Leadership in Portland

Kristy, Neil and Tom. Two in the arts, one in politics. Three people with great leadership skills in Portland who made things happen and inspired people to think beyond the familiar. They were comfortable in their own skin - self confident, highly intelligent, resolute, sometimes even brazen. They knew what they were good at, and, they were honest with themselves about what they were not good at, or didn't know. All three were not threatened by hiring highly talented people who might be better than them at some things. Maybe even smarter than them. These three knew that to be a great leader, you had to have a great support team of advisors and implementers. The best people you could get your hands on. All three were gregarious, outgoing, people-loving people who were just fun to talk to and be around. They connected people and helped many outside of their organizations succeed and do better work.

 

Although only one was a politician, all were politically savvy. Political success is about making the deal, making things happen, engaging people, building consensus, exciting people to the possibilities. Serving the larger good. They were all political maestros.

 

Although only two were in the creative world, all were great creative problem solvers. They could think of solutions that were unique, intelligent, and benefited many various groups of people at the same time. They were all known for out of the box thinking, uninhibited by preconceived notions.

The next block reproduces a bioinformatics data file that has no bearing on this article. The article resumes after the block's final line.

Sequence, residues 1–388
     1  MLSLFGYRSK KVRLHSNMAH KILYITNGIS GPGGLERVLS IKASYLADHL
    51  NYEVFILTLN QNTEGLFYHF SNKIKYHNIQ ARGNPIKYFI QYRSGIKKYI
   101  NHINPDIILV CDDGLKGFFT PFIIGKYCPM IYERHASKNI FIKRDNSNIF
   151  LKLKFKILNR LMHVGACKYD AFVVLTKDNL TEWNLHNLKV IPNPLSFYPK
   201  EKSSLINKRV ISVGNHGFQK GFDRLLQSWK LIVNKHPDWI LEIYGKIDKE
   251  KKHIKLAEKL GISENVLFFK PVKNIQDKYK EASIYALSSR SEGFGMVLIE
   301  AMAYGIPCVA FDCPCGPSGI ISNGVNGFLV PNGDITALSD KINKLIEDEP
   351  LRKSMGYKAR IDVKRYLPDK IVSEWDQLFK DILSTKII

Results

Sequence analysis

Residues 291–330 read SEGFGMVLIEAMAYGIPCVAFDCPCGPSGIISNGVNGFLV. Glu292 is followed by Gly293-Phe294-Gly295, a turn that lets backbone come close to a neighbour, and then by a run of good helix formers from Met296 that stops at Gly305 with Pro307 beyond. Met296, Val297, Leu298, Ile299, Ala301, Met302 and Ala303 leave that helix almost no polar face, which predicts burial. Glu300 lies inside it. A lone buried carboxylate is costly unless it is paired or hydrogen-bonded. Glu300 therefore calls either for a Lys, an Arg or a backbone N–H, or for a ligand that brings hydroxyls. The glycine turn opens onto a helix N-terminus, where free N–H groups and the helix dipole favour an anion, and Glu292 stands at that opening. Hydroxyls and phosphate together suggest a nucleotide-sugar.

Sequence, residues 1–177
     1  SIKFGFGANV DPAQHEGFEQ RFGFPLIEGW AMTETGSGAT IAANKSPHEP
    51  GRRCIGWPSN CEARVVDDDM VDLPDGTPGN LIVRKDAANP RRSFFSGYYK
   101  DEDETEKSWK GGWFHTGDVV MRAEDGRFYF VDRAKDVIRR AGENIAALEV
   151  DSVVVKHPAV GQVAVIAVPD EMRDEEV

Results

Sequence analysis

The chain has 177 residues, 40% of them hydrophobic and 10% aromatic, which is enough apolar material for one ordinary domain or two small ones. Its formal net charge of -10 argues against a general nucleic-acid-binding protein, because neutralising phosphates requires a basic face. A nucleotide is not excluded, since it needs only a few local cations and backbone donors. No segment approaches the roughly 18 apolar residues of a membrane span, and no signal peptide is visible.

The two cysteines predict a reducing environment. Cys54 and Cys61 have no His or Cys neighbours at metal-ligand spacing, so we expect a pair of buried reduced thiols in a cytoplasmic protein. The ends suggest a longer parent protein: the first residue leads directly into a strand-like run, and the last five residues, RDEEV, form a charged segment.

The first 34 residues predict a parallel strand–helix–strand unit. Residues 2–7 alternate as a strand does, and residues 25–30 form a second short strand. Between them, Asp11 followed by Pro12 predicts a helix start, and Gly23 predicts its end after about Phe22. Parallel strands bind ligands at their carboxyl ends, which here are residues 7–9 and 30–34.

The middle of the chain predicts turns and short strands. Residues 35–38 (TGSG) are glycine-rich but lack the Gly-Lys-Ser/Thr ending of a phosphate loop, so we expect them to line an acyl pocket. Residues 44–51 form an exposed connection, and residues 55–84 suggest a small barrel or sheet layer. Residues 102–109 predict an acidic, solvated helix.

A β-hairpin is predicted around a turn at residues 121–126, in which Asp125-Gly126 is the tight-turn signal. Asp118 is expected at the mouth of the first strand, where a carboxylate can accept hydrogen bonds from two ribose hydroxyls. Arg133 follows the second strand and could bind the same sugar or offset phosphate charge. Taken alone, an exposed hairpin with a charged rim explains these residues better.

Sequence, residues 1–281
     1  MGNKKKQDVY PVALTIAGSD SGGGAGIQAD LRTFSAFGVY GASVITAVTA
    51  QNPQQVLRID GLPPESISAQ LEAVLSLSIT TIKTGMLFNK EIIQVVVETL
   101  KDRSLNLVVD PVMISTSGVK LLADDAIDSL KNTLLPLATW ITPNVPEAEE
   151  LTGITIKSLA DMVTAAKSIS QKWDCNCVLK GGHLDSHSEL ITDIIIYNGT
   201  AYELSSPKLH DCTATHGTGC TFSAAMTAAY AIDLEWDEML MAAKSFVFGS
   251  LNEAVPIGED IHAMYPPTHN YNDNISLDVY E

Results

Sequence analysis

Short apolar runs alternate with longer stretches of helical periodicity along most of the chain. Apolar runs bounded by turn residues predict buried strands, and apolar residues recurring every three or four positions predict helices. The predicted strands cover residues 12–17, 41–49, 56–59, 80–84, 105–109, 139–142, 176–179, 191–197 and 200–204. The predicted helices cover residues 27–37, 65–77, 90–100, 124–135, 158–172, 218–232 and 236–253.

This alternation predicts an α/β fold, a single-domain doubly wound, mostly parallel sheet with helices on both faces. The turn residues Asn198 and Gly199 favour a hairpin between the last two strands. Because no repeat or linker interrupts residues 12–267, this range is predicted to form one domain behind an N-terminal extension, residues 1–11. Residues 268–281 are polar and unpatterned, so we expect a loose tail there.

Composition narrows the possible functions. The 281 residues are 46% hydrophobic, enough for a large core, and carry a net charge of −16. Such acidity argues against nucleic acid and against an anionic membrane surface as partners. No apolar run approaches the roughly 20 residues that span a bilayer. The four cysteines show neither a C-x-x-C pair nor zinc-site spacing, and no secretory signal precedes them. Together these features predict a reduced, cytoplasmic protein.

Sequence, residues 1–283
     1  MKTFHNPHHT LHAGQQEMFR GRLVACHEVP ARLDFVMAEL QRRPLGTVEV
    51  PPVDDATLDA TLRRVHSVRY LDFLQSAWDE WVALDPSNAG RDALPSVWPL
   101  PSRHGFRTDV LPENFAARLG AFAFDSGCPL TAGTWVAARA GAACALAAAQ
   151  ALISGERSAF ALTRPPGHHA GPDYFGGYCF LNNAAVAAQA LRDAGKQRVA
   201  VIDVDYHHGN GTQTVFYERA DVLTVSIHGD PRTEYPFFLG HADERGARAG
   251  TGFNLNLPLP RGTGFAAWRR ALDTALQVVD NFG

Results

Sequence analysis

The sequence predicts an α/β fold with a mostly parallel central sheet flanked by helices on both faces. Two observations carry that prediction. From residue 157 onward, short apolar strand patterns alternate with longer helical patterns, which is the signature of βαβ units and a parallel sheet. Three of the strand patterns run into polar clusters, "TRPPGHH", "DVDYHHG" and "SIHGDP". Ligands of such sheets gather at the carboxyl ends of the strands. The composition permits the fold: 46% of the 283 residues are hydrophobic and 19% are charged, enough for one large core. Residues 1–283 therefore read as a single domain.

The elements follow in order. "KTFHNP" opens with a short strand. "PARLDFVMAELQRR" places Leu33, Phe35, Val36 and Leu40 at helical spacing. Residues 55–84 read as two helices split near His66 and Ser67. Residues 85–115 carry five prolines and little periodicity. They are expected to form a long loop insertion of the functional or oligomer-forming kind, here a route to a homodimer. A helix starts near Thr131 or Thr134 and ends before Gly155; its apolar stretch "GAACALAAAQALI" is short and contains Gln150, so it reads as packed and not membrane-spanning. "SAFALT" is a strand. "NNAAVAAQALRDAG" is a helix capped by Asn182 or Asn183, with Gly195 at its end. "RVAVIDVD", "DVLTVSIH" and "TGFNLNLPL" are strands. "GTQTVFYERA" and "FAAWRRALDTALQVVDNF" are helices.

Portland still has a good reputation now, although part of our reputation breathes on the fumes of past successes. Today, on numerous occasions, we have slipped into 'just good enough', missed opportunities, false starts. Compromised solutions that end up losing much of the intent and sparkle of the original idea. It's because of leadership issues.

 

Kristy, Neil and Tom were able to break through and rise above the predictable logjams and bickering and make things wonderful happen for Portland. They had great abilities to build consensus among disparate groups with varying agendas and perspectives. And because of these talents, these three were able to realize great projects that Portland deserves. Projects that Portland is well capable of doing if enough people get on the same track and work to a common goal. Edmunds, Goldschmidt and Manley. Big thinkers with big ideas; with the requisite political and personal skills to achieve their goals. Portland needs more people with your leadership skills. Now, more than ever.

 

by Stuart Emmons

The Oregonian Blog, May 13, 2008